With three of the worst mass shootings in history fresh on our minds this is the question I see being asked by every major news network. As a gun owner and an avid shooter some may be surprised to learn that it is a question I contemplate as well every time a tragedy like this occurs. I would argue that myself and other gun owners have the greatest stake in finding the answer to this question. It is after all my rights, my Constitutional rights, as well as my basic human rights, that are being threatened here. You may further assume that my interest is selflessly motivated by my unwillingness to give up my guns. I will concede that I certainly fear that possibility. It would be incredibly shortsighted and even unfair though to conclude that is my sole motivation, but many will conclude just that. To the left I am small-minded, scared, and unconscionable. I’m not going to try changing their minds. They can think what they want about me. I am entirely secure in who and what I am. What I will argue however, is the answer to this question: Why does this keep happening?
So here I am again writing in defense of the 2nd Amendment. It’s not the first time but I hope it’s the last. I can assure you it’s not my preference to spend time and energy on this topic but I feel compelled considering all the negative press in the main stream media. In many ways it’s cathartic for me to go through this process and I feel it’s my responsibility as a law abiding gun owner to make a rational argument countering the often emotionally driven ranting of the left. I will also say for the record that I am not a murderer. Many on the left have asserted that the NRA and by extension their members and contributors are responsible for these recent tragedies. This is at the heart of the problem. Who do we blame? Why does this keep happening? How do fix this and keep it from happening again?
The left would have you believe that the fault lies with the firearm. I have read so many articles in the last few weeks about the AR-15 that it makes my head spin. Primarily due to the incredible amount of propaganda and misinformation that these articles contain. I watched a video shortly after the Texas incident by USA Today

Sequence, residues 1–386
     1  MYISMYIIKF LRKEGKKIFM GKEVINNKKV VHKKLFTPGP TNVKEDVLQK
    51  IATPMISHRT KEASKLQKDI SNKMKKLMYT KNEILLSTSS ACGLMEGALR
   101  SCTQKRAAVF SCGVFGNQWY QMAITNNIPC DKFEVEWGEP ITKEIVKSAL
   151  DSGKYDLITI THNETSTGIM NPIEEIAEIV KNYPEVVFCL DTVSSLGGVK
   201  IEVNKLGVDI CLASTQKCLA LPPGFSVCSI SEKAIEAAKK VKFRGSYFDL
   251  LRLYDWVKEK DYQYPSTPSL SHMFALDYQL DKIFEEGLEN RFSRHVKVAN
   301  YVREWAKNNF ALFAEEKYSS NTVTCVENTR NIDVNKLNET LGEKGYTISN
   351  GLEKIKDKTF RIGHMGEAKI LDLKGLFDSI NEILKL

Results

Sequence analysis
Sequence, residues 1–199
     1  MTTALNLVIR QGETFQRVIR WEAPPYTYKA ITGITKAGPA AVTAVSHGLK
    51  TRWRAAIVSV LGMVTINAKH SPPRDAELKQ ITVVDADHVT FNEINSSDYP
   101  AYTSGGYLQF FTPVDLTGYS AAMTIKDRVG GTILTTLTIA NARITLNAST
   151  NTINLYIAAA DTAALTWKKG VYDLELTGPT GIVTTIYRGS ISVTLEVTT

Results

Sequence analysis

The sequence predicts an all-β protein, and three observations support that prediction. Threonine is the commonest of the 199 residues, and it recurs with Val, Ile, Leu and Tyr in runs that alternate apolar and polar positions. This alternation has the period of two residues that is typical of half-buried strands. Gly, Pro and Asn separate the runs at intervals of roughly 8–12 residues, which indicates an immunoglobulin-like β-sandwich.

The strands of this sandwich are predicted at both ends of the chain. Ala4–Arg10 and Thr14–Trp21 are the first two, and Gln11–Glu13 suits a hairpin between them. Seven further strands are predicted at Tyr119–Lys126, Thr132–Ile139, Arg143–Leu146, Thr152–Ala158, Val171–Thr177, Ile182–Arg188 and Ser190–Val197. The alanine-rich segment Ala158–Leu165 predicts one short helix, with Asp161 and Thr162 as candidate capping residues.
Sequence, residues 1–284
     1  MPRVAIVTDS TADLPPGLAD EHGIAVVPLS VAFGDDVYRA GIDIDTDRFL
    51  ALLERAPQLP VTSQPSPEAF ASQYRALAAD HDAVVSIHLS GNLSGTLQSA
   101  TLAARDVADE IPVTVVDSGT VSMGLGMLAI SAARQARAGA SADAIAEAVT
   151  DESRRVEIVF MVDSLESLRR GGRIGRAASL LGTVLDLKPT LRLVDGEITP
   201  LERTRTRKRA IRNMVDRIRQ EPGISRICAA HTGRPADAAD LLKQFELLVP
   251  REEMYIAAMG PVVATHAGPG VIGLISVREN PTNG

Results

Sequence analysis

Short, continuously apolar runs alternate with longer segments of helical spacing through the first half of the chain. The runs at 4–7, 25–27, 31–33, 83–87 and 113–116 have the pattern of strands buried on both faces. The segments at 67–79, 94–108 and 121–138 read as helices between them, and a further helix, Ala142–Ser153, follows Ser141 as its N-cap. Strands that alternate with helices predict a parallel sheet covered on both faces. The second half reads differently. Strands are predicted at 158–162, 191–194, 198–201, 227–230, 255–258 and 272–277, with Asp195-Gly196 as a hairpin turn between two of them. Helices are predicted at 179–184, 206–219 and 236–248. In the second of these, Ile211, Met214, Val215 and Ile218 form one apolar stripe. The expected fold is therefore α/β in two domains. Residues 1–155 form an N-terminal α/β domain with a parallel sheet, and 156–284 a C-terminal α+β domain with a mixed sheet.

suggesting a chainsaw bayonet was a modification available to the AR-15. Seriously! Click the link and go watch it. It makes me laugh every time I see it. The idiocy and the pure propaganda of this assertion is just mind boggling ridiculous. Sure, I guess it’s possible. I guess it’s possible as well for a future mass murderer to strap a smoke machine to the front of their rifle to make them virtually invisible to their victims. No need to aim these rifle anyway, right? These kinds of videos have one purpose and one purpose only: promote fear. The AR-15 is not a new firearm platform. It has been around for years. I won’t try to tell you it isn’t a capable and versatile firearm. It is, hence its extreme popularity. You know what else I expect to become more popular? Large trucks to commit mass vehicular homicide. There were a dozen or so terror attacks in 2017 using a vehicle to commit mayhem and murder. It appears in fact that this is a dramatic increase from previous years. Do we suddenly need to consider banning trucks?
Some are quick to point out that in other countries where the AR-15 is banned there is a much lower incidence of mass shootings. Canada is an excellent example. Ask these same individuals though if they knew that in Canada there are more than a dozen commonly owned semi-automatic rifles that have the same capability as the AR-15? One of them is the Tavor: an Israeli made bullpup battle rifle. It has all the same characteristics as the AR-15. Semi-auto, detachable magazines, threaded barrel, and it’s black! Why is this gun legal? Better question: why is this gun not shooting people in Canada? The Tavor is just a single example but one I particularly like because it is based upon an actual select-fire combat rifle used by a military force. Just like the AR-15. So if Canadians have access to rifle with similar characteristics and capabilities, why aren’t they killing each other with them?